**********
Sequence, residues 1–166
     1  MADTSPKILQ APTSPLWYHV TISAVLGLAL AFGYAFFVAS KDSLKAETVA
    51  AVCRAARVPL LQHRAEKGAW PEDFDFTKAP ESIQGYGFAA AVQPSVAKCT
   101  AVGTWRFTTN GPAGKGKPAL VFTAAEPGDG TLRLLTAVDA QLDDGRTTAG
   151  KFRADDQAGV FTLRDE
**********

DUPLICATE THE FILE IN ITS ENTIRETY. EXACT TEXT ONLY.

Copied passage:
Sequence, residues 1–166
     1  MADTSPKILQ APTSPLWYHV TISAVLGLAL AFGYAFFVAS KDSLKAETVA
    51  AVCRAARVPL LQHRAEKGAW PEDFDFTKAP ESIQGYGFAA AVQPSVAKCT
   101  AVGTWRFTTN GPAGKGKPAL VFTAAEPGDG TLRLLTAVDA QLDDGRTTAG
   151  KFRADDQAGV FTLRDE